Hyde & Seek

Wider probe could burn judiciary chair

With his impeachment hearings fast becoming a laughingstock, white-maned House judiciary chair Henry Hyde and his wacky sidekick, Chicago Democratic investigator David Schippers, cast wildly about for ways to widen their probe— maybe even going after Janet Reno's Justice Department itself.

Hyde, however, must tread carefully. Opening the hearings into other areas could expose the man Mary McGrory called "the nearest thing to a patriarch that Congress can provide" to some nasty questions about his role as a director of Clyde Federal— an Illinois S&L that collapsed in 1991, costing taxpayers $67 million.

The Resolution Trust Corp. sued Hyde and the other directors of Clyde for $17.2 million, charging them with mismanagement and negligence. Before the case could be tried, the defendants settled for $850,000, according to a summary of the situation in the current Washington Monthly. Hyde refused to pay anything, and the other directors covered his share.

Ex-S&L director Hyde: Whitewater probe could boomerang on "patriarch."
AP/Wide World
Ex-S&L director Hyde: Whitewater probe could boomerang on "patriarch."

The story doesn't end there. While Hyde was a director, Clyde joined with another S&L— Madison Guaranty, run by Jim McDougal, Bill Clinton's late friend, business partner, and campaign contributor— in making a bad loan to a Texas beachfront condo. Madison, of course, was at the center of Whitewater. So if Hyde's probe draws anywhere near that scandal, he could be running an investigation that would touch on his own past dealings. In that case, would Hyde, renowned for his fairness, step down?

Trust Congress
John D. Lives in Proposed Oil Deal

The much discussed merger of Mobil with Exxon couldn't come at a better time for the oil companies, since the key posts in the Republican- controlled Congress are held by members from Alaska and Louisiana— bastions of Big Oil— who will bend over backward to accommodate them.

Both Bob Livingston, the new Speaker, and John Breaux, a Democrat who is Louisiana's senior senator, are not unfriendly to the industry. Breaux especially is anxious to help the oil companies, and has joked that while his vote can't be bought, "it can be rented."

Livingston and Breaux can join with three Alaskan legislators— Ted Stevens, who runs the Senate Appropriations Committee; Frank Murkowski, chair of the Senate Energy Committee; and Don Young, head of the House Resources Committee.

Alaska and Louisiana have worked together to back the industry, encouraging drilling in the Gulf of Mexico and off northern Alaska.

Since 1911, oil companies have dodged the breakup of Rockefeller's Standard Oil Trust by forming the international petroleum cartel to divvy up spoils, first in what is now Iraq, then worldwide. From the beginning, the problem was glut— not shortage.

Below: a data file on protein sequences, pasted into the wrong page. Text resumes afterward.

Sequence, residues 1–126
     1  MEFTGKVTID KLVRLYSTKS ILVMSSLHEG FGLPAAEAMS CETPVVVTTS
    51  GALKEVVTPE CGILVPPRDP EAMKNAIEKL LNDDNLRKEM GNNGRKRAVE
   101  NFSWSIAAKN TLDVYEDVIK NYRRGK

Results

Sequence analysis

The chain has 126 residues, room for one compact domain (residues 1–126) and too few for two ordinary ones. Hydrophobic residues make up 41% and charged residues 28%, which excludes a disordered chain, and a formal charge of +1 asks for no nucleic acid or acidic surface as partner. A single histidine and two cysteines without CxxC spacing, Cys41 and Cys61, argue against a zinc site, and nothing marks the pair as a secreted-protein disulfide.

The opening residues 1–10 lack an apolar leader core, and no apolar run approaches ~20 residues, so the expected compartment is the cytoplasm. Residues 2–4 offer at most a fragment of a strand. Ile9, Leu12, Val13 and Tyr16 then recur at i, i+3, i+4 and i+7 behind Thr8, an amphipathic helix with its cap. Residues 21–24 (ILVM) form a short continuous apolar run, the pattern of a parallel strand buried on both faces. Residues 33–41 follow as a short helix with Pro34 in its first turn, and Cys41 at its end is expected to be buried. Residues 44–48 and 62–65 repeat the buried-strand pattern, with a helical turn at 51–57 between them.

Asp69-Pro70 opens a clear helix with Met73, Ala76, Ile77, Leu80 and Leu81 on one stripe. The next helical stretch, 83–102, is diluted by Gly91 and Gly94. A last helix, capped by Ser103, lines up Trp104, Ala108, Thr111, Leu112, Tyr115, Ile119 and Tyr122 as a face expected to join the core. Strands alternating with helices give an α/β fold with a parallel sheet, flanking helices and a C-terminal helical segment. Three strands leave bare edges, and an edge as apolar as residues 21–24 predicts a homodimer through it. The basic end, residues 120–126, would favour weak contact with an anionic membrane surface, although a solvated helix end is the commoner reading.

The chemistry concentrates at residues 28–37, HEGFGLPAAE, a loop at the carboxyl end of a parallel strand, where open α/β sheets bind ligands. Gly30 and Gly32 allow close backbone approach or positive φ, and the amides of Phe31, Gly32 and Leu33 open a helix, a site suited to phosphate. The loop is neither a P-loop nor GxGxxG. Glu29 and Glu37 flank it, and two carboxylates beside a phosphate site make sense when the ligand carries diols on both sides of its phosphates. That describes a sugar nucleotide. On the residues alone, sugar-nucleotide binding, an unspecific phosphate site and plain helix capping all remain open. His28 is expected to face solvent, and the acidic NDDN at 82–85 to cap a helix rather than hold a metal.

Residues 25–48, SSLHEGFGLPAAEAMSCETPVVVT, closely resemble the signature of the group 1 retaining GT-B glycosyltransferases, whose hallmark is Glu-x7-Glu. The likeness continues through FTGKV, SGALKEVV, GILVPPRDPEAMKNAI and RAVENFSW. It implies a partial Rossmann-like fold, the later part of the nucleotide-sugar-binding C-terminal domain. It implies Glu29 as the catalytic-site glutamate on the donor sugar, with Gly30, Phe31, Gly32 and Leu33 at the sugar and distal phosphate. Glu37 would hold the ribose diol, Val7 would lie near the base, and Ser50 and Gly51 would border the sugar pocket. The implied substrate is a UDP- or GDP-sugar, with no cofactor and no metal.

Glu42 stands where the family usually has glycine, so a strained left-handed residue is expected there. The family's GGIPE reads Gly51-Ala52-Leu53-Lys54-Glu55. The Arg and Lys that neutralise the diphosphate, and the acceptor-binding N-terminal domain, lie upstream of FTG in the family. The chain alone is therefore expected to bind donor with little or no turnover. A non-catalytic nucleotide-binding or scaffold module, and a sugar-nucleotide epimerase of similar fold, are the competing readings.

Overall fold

In today's shamelessly pro-business atmosphere, straightforward monopoly may be more acceptable than it has been in years. And the pieces of the old Standard Oil Trust are close to being reassembled. British Petroleum already owns both Standard Oil of Ohio, which it bought in the 1970s, and Amoco, acquired last summer. An important part of any merger between Mobil and Exxon would entail working out Mobil's joint refining and marketing ventures in Europe with BP.

If that happens, John D.'s old firm will be back in action.

Da$ Capitol
Finance Funds Swamp Senate, House

Of the extraordinary $1.26 billion spent to lobby Congress last year, the finance industry— banks, health insurance companies, securities firms, and real estate combines— led the way with $177.1 million, according to the Center for Responsive Politics. That's more than $300,000 per member.

Financiers also were the biggest campaign contributors, giving $98 million— two-thirds of it to Republicans. But New York's Chuck Schumer was the top industry recipient in the House, with $1.1 million. Other big recipients from New York, according to the Center, were congressmen Rick Lazio, Republican of Long Island ($225,000), and Harlem Democrat Charles Rangel ($177,000).

Biggest individual contributors, according to a current Mother Jones tabulation, included Julian and Josephine Robertson Jr. of New York, probably best known for his gift of $25 million in her name to Lincoln Center. They were the eighth-ranking political donors in the nation, giving $313,000 to the Republicans. Julian Robertson heads Tiger Management, the big hedge fund.

Other top contributors from the New York area included Orin Kramer and Jon Corzine, who gave $288,250 and $257,800 respectively to Democrats. Kramer, who owns the investment firm of Kramer Spellman, formerly served as an aide to both Jimmy Carter and Bill Clinton. Corzine, co-CEO of Goldman Sachs (former firm of Treasury Secretary Robert Rubin), is a major player in Asia and other overseas markets.

Banks, insurance outfits, and securities firms all fought pitched battles in the last session for special legislation. Banks pushed for measures that would allow them to merge with other businesses (so far unsuccessfully); insurance companies beat back HMO and medicare reform; and securities firms won protection from "frivolous" lawsuits (some from investors who got taken for a ride by the Asian financial debacle).

Wall Street is eying gigantic profits if Congress privatizes Social Security, allowing workers to put some of their Social Security savings into IRA-type accounts.

Nike Sweats
Third World Plant Horrors Detailed

When Third World sweatshops became a media scandal more than a year ago, the administration stepped in to broker a voluntary industry agreement with companies such as Liz Claiborne, Nike, and Reebok. Known as the White House Apparel Industry Partnership, it set up a task force to establish a code of conduct covering child labor, minimum wages, and working conditions.

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